Schurrle wasn't in the same bracket as the likes of Eden Hazard and Cesc Fabregas, yet he was still reliable and gave Chelsea options.

    With Cuadrado, he's wasted a space in the squad, and the money invested in him has restricted Chelsea elsewhere in the transfer market.

    The sooner he leaves, the better.

Lack of Activity in the Transfer Market

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    Damian Strohmeyer/Associated Press

    Following on from our Juan Cuadrado slide, Chelsea haven't done enough in the summer transfer window.

    Signing Baba Rahman and Pedro this week has glossed over that fact.

    Chelsea are still light in defence, with their pursuit of John Stones dragging on. There are also concerns in midfield, where Chelsea have looked lightweight in big matches.

    Through not being proactive, it means the deadwood remains, too.

    We've discussed Cuadrado, but John Obi Mikel and Ramires are still in Mourinho's squad.

    That trio have shown they're not up to standard, and by being in the squad, they are a drain on the wage bill and also block the pathway for some of the younger players such as Ruben Loftus-Cheek.

    It's widely accepted that Chelsea's slick approach last summer put them ahead of their rivals in the title race, but this year they have been slow off the mark.

    It means we're not totally sure what to expect from the champions, which shouldn't be the case.

No Win Since June

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    Rui Vieira/Associated Press

    OK, Chelsea played two friendlies at the end of 2014/15 and were on holiday for much of June and July.

    So in terms of backdating, not winning a match since June 2 isn't as bad as it looks on paper.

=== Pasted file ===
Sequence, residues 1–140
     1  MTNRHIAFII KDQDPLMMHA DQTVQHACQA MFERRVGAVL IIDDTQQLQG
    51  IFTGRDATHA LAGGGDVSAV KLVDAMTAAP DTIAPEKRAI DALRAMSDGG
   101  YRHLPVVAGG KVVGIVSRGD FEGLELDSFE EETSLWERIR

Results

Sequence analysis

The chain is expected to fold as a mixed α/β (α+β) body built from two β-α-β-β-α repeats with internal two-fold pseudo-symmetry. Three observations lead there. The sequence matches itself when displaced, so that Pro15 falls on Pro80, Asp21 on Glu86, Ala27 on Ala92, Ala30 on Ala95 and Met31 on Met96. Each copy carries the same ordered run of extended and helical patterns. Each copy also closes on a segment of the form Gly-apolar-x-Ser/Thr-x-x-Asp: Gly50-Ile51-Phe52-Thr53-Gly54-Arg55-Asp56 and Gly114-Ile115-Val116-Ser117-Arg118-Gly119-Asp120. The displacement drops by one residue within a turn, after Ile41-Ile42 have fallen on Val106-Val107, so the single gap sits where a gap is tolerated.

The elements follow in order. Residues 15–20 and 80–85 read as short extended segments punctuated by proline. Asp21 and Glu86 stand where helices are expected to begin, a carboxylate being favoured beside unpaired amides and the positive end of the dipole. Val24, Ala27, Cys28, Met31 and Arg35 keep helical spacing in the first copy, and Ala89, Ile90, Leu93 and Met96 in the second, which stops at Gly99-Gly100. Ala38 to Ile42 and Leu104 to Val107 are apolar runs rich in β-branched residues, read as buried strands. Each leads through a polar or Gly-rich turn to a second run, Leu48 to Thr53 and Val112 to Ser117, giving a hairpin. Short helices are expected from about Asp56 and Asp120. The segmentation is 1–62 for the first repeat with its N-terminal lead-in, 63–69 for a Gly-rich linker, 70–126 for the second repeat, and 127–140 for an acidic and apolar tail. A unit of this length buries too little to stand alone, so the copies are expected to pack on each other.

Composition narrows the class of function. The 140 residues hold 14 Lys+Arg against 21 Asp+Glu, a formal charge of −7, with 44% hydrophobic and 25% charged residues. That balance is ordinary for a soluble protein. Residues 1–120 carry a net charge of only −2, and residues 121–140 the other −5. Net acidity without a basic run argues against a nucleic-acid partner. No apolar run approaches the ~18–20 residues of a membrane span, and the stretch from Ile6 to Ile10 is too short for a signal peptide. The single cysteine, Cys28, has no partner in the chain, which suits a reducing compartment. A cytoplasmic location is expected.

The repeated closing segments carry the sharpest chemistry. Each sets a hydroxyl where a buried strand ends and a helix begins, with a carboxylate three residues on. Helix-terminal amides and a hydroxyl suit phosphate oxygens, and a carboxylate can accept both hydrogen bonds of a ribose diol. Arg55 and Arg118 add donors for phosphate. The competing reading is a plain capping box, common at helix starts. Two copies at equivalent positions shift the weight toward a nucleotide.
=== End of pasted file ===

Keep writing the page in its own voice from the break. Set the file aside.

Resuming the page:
Not winning a match all pre-season and in the opening two games of 2015/16 is a concern, though.

    We hear that pre-season is more about match practice and fitness than anything, but Chelsea's poor form from their trip to U.S. has carried over into the Premier League.

    They've looked off the pace, and performances haven't been what they should be. They haven't looked prepared, meaning those pre-season efforts weren't good enough in getting them where they need to be.

    Indeed, the manner of defeat to Manchester City was arguably more disappointing than the scoreline.

    We're expecting things to pick up in the coming weeks, but every day that passes without a Chelsea win will be a major source of frustration.

We Thought the Kids Were Alright

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    What's happened to the growing number of talented youngsters at Chelsea?

    Look at the first-team squad, and the numbers are no different than what we saw last season, with experienced professionals taking up the majority of places.

    The likes of Dominic Solanke, Izzy Brown, Patrick Bamford, Andreas Christensen, Nathan Ake and Lewis Baker are all out on loan.

    For 17-year-old Solanke, that makes sense. He needs to experience football away from Chelsea's development teams.

    Where others are concerned, though, it's disappointing.

    As we've mentioned, it hasn't been a busy summer in terms of new signings at Stamford Bridge, which would have been made more positive by promoting some young talent.

    But even when Chelsea aren't spending lavishly, the youngsters aren't getting a chance, it seems.

    There's a sense their time will come, yet it remains a point of frustration that more faith isn't being shown in the Chelsea academy that has won back-to-back FA Youth Cups and was last season crowned European champions.

The Stamford Bridge Atmosphere

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    We've mentioned how Mourinho criticised Chelsea fans for the lack of atmosphere at Stamford Bridge last season.

    Ever since then, the manger's words have been used as a stick to beat them with by opposition fans.

    For all the frustration that has caused, the manager has a valid point.

    Something must change at Stamford Bridge to improve the atmosphere, as for most games, it leaves much to be desired.

    When the likes of Arsenal and Manchester United visit, it isn't a concern—the stadium is in full voice, and it ranks among the best in the Premier League.

    The issue is when Chelsea face the so-called lesser teams, when victories are as much expected as they are desired.

    Some sections of the support have made efforts to remedy this. There have been campaigns among fans in the Shed End and elsewhere, but it's still not what many would expect.

    For those who want to passionately get behind their team, it's a major frustration.

    Garry Hayes is Bleacher Report's lead Chelsea correspondent. All quotes were obtained firsthand unless otherwise noted. Follow him on Twitter @garryhayes.